You think I'm joking. People always think I'm being hyperbolic about this program when I'm merely coldly accurate.

I will now turn off the internet so I don't keep finding more important things to do than wrestle with it, like reading LOLcats, sim blogs, and the results of googling my own name.

Tuesday, July 3, 2012

It's just a devil program...

...with evil on its mind...

So. If anybody out there reading this actually uses Word (as opposed to used by it), and is comfortable with it to the point of being able to make it do what you want even when what you want it to do is outside what the original programmers assumed you'd want - where should I look in Microsoft Word 2010 in order to figure out how to enable bookmarking the .doc I'm editing in compatibility mode? Because I can go to the screen where you create bookmarks, and it'll let me type stuff in, but it won't give me any options except "close."

I'm not asking you to solve my problem. I'll never master this hellspawn if other people solve my problems and in any case you can't see what I did. Just point me in the right direction, that's all I ask.

A friend of mine, when I was running around trying to figure out what format I should use for scanning, said she envisioned me typing it all in and revising and having it ready in about ten years. And it's true that as long as I'm going through it taking out all the line breaks in the middles of lines and the places where the text got rearranged or the scanner read a capital I as a 1, I'm tweaking it a bit.

Who wouldn't?

Sunday, July 1, 2012

Idea Garage Sale: The Desk

No idea why I suddenly thought of this one, out of the blue. But here it is.

Long, long ago I acted as teacher's aid to a teacher with no organizational skill whatsoever. This was my first experience of office work and I had no idea how to go about it, but I did my best. I seem to have blotted most of the experience from conscious memory, but I do remember that I started playing with a story in my head, about a desk that ate papers, office supplies, books, purses, bookbags, and, ultimately, teachers' aids. The only sign of them remaining would be a single hair hanging from a drawer, and a small burping sound.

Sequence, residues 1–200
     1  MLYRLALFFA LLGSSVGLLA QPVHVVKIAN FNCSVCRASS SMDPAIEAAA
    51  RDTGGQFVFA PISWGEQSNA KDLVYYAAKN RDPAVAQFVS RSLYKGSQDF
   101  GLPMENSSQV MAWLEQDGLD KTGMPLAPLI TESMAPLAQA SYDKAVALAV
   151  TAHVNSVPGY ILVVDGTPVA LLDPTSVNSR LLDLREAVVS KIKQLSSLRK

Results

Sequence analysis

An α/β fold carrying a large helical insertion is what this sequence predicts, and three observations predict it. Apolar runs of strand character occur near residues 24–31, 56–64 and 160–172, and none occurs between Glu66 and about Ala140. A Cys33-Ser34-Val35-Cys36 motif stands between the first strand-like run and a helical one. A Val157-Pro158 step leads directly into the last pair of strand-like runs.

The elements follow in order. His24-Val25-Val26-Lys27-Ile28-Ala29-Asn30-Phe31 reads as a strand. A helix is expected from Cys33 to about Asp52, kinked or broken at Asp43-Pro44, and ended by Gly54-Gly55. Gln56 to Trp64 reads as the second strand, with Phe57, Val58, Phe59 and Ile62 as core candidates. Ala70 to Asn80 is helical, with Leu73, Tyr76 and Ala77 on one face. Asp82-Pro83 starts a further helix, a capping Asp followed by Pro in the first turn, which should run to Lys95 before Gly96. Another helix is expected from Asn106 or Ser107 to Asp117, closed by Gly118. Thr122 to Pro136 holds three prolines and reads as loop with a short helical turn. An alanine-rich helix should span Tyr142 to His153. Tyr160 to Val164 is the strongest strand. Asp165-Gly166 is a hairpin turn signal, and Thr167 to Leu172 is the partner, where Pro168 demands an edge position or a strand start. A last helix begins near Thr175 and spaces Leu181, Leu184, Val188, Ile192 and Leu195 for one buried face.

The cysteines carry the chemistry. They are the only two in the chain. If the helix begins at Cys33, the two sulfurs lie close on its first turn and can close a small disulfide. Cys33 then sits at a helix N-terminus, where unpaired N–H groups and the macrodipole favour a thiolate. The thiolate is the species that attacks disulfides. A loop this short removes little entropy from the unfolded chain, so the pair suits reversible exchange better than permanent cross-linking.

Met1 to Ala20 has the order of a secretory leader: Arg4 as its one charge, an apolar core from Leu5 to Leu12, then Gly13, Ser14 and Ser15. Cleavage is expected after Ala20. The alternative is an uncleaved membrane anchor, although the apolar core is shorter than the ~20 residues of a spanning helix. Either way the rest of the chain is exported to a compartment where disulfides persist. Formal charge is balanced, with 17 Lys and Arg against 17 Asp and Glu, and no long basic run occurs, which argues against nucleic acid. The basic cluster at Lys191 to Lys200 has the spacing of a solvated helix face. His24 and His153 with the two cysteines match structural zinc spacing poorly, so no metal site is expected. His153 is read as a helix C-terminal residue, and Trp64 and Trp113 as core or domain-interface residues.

I've gotten a lot of office experience since then, temping and permanent and personal, and I believe the core idea is probably valid. I remember the professor who, when talking to the person who was supposed to help him pack his office, led with: "Okay, the stuff in the chairs - that's current." I remember the restauranteur who got angry that a menu typist had gotten the price of a wine wrong in a new list, and the enormous stack of photocopies of old wine lists necessary to prove that the price hadn't changed once since he originally set it, several years before. (Why we had to photocopy the wine lists rather than just show him the file, I don't recall, but this is the same guy who got so angry he ranted for fifteen minutes with flecks of foam in the corners of his mouth without completing a sentence, over stamps on a mass-mailing being put on sideways). I remember bosses who would never keep anything, bosses who would never throw anything out, bosses who would never let anyone touch their desks and could never find anything, and desk after desk after desk that could easily have swallowed any number of teachers' aids.

The thing about horror is that it is so close to parody, I often can't tell the difference. And that pretty much sums up my attitude toward office work, too; I can't tell it from horror, or from parody.